• Unusual Tiredness
  • Vomiting

Interactions of Alcohol and Flexeril

You might find a warning on the bottle or in the instructions that alcohol may enhance the effects of Flexeril. This is meant to be a deterrent rather than a selling point. Both alcohol and Flexeril have similar effects on the central nervous system such as slower mental processing, drowsiness, poor motor coordination, and dizziness. When you combine the two together, these side effects are exacerbated into creating a state of euphoria and acting as a sedative. This can lead to dangerous consequences including accidents, extreme respiratory depression, and even death. Both of these substances have also been known to lead to physiological addiction and physical and emotional dependence.

The combination of these two substances might also increase the dangerous side effects of Flexeril. People who abuse the two together could quite easily develop dependence and later addiction. It is recommended that you do not drink alcohol while taking Flexeril. It is also important that you only take Flexeril as prescribed. While medical professionals classify Flexeril as a non-controlled drug that is typically non-habit forming, some people do become addicted to the feeling it provides them. In turn, this can lead to dependence on the drug. You can become addicted to the way it helps you escape daily challenges and the reality of life. Many people abuse Flexeril to mask the pain of their disease or injury rather than to put in the work to heal. Others simply overuse the drug because they have developed a tolerance. And when you try to stop, you may go through withdrawal and require treatment to stop using.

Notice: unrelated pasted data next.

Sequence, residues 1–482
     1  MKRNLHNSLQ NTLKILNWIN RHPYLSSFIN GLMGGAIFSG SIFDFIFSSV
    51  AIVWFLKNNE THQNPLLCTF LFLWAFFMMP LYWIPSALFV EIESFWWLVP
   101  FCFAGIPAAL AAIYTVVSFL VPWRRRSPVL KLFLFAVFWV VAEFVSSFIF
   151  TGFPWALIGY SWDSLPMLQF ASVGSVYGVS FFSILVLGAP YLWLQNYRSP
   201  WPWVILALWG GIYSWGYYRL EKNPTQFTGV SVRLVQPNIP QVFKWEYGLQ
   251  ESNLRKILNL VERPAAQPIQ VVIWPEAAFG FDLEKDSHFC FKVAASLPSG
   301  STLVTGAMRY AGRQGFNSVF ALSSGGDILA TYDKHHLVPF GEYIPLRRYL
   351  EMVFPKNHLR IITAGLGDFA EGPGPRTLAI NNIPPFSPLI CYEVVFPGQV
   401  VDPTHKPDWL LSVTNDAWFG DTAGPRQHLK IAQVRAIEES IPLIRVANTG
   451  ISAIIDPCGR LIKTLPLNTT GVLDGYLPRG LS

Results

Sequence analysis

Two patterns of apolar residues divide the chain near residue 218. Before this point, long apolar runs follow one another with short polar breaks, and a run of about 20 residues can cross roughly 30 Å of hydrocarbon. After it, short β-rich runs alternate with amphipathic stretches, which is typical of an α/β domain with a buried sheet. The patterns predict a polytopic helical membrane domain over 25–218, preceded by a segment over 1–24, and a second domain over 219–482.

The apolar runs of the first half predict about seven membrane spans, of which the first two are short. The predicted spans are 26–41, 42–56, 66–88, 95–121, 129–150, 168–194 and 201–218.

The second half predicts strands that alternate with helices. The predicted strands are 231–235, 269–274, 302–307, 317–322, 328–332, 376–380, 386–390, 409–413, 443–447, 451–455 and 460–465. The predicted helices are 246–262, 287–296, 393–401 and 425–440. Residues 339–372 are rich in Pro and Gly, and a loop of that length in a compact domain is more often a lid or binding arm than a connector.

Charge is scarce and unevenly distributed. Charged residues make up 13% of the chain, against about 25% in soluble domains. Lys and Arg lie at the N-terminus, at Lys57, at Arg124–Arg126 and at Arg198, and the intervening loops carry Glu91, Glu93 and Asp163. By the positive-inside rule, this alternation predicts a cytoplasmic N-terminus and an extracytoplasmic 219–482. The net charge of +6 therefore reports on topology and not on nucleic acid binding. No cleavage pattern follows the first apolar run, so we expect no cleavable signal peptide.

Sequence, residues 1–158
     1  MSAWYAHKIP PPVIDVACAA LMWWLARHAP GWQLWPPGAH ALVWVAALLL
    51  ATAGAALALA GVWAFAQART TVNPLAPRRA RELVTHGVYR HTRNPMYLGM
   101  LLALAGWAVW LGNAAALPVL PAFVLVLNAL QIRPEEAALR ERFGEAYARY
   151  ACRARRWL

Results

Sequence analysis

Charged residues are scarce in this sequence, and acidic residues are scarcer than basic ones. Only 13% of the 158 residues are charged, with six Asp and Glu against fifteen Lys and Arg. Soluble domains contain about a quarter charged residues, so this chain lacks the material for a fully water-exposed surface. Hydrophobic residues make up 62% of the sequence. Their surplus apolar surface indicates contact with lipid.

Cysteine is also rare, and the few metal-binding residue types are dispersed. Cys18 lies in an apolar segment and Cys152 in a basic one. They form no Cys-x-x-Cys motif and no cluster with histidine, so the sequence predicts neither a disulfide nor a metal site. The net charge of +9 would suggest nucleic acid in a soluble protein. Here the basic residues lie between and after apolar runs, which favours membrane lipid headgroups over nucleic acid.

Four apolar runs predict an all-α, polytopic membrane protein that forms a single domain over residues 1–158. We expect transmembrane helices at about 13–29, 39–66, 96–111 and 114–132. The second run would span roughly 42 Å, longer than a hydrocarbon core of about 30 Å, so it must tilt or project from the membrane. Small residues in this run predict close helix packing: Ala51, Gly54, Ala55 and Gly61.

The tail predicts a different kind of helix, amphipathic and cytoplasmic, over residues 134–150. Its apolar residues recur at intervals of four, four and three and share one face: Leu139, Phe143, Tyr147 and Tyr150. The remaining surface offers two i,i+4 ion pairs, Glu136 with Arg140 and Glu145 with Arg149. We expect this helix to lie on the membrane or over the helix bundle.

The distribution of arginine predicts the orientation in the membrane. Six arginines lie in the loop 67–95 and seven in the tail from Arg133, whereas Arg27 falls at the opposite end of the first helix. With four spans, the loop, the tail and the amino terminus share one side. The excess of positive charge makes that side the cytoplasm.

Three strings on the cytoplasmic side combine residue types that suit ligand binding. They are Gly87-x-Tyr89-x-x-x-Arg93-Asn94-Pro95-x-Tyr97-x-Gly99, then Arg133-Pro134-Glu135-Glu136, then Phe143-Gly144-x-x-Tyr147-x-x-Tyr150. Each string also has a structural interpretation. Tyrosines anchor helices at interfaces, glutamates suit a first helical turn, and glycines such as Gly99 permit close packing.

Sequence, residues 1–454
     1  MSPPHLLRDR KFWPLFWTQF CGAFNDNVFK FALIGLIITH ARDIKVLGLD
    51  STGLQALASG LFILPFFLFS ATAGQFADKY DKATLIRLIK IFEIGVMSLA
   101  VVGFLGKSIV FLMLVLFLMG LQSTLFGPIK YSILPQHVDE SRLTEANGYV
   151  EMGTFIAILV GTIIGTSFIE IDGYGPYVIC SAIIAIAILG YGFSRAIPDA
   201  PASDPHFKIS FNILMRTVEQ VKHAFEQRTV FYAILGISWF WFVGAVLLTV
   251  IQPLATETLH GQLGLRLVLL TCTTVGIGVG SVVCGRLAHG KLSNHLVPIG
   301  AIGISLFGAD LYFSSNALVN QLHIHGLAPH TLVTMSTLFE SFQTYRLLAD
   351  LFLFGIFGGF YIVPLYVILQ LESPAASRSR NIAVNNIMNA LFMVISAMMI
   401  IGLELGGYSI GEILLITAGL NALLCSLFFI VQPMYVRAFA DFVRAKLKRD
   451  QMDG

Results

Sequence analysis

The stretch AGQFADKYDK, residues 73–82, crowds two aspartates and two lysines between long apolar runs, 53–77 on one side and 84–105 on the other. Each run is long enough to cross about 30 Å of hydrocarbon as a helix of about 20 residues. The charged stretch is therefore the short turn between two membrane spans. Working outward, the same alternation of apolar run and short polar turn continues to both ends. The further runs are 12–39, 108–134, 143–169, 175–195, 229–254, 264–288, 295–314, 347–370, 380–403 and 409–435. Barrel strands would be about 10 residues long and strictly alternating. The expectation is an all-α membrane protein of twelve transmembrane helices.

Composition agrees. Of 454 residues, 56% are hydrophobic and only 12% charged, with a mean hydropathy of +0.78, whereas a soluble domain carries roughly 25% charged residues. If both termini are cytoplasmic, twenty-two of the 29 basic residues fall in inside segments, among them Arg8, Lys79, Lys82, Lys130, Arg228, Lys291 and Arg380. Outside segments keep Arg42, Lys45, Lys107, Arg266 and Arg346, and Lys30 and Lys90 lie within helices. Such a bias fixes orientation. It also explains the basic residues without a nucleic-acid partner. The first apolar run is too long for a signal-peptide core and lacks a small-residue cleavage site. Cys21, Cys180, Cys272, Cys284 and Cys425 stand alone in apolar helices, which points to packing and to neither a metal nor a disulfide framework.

Alcohol Poisoning and Flexeril Overdose

Addiction occurs when the substance begins to overtake your life and your thoughts. If you cannot go a day without using alcohol or Flexeril, you likely have an addiction. People who become severely agitated when they no longer have access to either substance are likely addicts. And, if you have isolated yourself from friends and family and no longer participate in activities you once enjoyed, you likely have a problem. It is possible to overdose on alcohol and Flexeril, either together or separately, and taking them together greatly increases the chances that you will.

The following are signs and symptoms of a Flexeril overdose:

  • Difficulty breathing
  • Hallucinations
  • Increased or decreased body temperature
  • Irregular or fast heartbeat
  • Nervousness or severe restlessness
  • Seizures
  • Severe drowsiness
  • Vomiting

Symptoms and signs of alcohol poisoning include:

  • Confusion
  • Irregular breathing
  • Low body temperature
  • Pale or blue skin